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Boršengrýn Castle 

The locality is freely accessible from the west; two comfortable paths ascend the two castle mounds from the information board by the road. The owners of the weekend homes do not keep their properties closed to the public. In addition to the somewhat meditative pond, the romantic atmosphere of the site is augmented by a picturesque Jewish cemetery, which can be easily reached by following the path along the elevated outer surroundings of the castle. The ruins of Boršengrýn Castle are situated in the vicinity of the village of Úbočí, approximately five kilometres northwest of Lázně Kynžvart.

Boršengrýn is arranged into two sections – the castle motte (hill) and the outer surroundings currently separated by an asphalt road which necessitated the deepening and widening of the original shallow rock-cut moat. Another well-preserved moat and rampart separates the outer surroundings from the continuing summit crest. The security of the castle was strengthened by two ponds under the castle motte, of which only one has been preserved to this day.

The village of Úbočí with its stronghold belonged to the Leuchtenberg feoffs in the Middle Ages. In the 1350s, the stronghold was in the possession of Engelhart of Kynžvart who permanently settled there after losing Kynžvart Castle in 1347. In 1373, the village and the stronghold were purchased by Boreš of Osek (from Rýzmburk) who, after acquiring the Emperor's permission in 1374, built a new castle on the site – Boršengrýn Castle. In 1392, his son sold the Kynžvart demesne to the King's Vice-Chamberlain, Sigmund Huller, who exchanged it with Hynčík Pluh of Rabštejn for Orlík Castle upon the Vltava River (in 1395). The importance of Boršengrýn Castle diminished with the renewal of Kynžvart Castle during the reign of King Václav IV (also denoted as Wenceslas IV of Bohemia) after 1398. When the castle was acquired by the Lords of Plavno in the early 15th century, it was often pledged by the family and thus, its owners changed quite frequently. Jindřich of Plavno managed to buy the castle back in 1452. Nonetheless, following a harsh conflict with the town of Cheb, the Cheb army commanded by Otto of Sparneck and Konrad of Reitenbach besieged the castle. The besieged castle was won by the army eight days later with the aid of cannons and it was burnt and destroyed. It was never rebuilt and remained in ruins. By and by, the remnants of the stone walls were disassembled for the building of a farmstead situated not far from the castle motte.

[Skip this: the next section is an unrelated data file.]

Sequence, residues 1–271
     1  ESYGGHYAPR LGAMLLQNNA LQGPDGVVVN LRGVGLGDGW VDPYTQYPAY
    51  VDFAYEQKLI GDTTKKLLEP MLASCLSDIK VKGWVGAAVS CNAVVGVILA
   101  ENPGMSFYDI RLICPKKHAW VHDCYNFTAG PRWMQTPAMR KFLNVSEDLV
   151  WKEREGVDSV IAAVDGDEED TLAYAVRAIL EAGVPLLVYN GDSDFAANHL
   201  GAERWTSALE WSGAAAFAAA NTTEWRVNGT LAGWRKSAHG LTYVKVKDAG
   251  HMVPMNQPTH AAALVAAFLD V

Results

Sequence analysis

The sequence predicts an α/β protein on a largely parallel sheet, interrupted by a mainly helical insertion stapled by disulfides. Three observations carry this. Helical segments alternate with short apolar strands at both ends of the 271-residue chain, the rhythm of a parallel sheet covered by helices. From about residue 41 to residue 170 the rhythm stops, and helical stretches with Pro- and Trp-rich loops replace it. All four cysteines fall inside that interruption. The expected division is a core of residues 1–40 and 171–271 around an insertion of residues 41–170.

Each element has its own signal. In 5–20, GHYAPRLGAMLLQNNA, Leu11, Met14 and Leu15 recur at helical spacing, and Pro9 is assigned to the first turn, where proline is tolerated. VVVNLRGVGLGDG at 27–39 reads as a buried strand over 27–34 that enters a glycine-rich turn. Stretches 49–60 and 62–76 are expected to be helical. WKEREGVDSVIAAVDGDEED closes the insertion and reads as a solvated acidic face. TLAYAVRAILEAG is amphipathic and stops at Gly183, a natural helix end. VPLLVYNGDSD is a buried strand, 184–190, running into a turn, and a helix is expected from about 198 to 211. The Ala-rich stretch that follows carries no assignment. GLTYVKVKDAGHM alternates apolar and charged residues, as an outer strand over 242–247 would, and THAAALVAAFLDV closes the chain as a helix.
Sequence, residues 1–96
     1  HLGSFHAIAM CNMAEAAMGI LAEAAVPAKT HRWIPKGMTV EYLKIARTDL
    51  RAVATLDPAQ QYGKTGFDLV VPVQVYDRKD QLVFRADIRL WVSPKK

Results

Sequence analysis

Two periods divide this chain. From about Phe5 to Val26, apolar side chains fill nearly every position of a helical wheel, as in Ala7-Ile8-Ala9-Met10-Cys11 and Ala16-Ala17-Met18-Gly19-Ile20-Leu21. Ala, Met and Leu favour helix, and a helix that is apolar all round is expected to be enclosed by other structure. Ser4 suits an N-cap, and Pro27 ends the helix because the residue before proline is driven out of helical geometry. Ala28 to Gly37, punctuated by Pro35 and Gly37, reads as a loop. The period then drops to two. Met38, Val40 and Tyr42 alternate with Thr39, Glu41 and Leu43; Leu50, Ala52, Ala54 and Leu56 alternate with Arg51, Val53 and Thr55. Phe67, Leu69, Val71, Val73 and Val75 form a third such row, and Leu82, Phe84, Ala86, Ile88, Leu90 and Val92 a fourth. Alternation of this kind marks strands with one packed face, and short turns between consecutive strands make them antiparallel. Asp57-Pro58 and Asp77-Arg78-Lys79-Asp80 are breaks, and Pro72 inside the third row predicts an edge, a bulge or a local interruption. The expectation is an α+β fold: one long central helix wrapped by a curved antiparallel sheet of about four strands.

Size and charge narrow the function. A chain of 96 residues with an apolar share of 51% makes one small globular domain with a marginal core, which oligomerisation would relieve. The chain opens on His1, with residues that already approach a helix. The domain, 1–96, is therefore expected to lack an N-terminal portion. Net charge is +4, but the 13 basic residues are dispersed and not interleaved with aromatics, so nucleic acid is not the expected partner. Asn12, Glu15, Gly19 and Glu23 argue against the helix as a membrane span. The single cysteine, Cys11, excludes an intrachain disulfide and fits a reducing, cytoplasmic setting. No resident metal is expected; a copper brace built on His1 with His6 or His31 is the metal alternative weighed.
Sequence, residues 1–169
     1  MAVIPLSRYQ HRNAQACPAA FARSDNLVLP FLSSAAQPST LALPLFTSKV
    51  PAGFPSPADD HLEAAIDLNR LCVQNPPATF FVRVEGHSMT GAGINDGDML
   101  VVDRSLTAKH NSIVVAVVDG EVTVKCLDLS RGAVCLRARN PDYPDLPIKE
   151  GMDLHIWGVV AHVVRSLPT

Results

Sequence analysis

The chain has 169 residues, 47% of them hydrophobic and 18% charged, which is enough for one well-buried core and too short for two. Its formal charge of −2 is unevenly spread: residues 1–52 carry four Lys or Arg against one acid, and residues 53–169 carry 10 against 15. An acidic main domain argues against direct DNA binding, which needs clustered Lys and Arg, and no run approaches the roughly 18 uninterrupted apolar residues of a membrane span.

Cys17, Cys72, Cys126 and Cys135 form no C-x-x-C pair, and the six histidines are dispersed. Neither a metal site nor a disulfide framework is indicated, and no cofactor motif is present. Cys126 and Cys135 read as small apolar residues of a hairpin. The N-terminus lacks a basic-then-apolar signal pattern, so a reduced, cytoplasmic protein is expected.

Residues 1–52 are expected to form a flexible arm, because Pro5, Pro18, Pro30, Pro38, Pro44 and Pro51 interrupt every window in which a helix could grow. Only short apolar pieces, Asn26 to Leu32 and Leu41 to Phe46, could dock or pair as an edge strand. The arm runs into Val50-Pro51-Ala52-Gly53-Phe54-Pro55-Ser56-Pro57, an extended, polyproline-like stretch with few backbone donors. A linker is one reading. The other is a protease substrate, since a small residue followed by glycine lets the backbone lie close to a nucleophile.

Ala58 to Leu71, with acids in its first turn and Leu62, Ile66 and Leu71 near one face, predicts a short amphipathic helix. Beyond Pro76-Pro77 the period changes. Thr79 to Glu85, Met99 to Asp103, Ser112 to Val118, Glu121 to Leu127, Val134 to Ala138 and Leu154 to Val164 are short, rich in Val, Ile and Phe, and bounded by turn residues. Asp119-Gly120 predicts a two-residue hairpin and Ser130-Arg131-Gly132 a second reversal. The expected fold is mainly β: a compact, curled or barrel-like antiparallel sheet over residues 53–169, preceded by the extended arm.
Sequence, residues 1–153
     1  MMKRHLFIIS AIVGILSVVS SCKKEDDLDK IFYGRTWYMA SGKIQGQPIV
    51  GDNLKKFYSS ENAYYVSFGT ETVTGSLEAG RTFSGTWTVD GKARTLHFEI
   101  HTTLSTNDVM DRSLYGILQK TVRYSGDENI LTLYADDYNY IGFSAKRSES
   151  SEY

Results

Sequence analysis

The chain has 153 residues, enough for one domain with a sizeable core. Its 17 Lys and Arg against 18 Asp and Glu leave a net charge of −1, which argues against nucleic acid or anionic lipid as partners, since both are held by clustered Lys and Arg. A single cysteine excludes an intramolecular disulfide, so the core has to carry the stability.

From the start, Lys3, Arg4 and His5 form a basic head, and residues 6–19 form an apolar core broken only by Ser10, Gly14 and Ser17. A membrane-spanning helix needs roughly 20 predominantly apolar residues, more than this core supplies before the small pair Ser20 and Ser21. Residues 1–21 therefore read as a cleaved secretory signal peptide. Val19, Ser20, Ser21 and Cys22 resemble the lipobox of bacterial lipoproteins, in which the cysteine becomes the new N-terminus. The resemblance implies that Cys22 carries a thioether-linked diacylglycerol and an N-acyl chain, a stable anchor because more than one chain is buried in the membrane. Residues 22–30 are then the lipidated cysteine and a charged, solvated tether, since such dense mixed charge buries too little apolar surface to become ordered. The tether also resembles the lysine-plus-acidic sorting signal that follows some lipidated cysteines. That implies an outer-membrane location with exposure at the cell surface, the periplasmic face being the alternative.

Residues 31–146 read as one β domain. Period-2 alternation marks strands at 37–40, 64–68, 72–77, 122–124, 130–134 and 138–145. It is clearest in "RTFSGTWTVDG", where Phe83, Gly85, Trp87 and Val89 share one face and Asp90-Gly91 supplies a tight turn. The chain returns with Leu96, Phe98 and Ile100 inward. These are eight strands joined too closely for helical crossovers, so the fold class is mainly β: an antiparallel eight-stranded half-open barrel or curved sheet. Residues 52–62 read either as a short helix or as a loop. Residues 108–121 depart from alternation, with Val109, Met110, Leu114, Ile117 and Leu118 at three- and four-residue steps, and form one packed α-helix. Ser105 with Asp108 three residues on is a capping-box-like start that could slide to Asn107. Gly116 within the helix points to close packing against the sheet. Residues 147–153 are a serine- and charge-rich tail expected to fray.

Boršengrýn Castle used to stand at the western edge of the village where a high hill separated by a fault from a more extensive elevated knoll rises above the village. The castle layout was clarified by archaeological research carried out on site by Pavel Šebesta from the Cheb Museum between 1982 and 1984. The inner ward of the castle used to stand on the motte. A rectangular 10 x 10 metre tower (the keep) stood at its front above the moat. The keep was surrounded by a barbican enclosed by a 1.6-metre thick outer barrier. The castle gateway was probably located near the south corner of the castle. A large, 8.5-metre wide oblong building was built on the other side of the massive keep. The remaining castle grounds were situated further north where the archaeological research found evidence of additional buildings. The inner surroundings and the south outer surroundings were separated by a ditch originally furnished with a drawbridge. Entry to the outer surroundings was via a path leading to the southwest corner. An unknown type of peripheral fortification stood above the ditch that separated it from the summit crest in the south. The fortification was adjoined by an oblong structure with several rooms that may have served for farming purposes.

The ill fate of the castle was sealed by the insensitive building of recreational weekend homes on the site of the outer and inner surroundings. As a result, only unclear traces of the original castle structures can be seen today.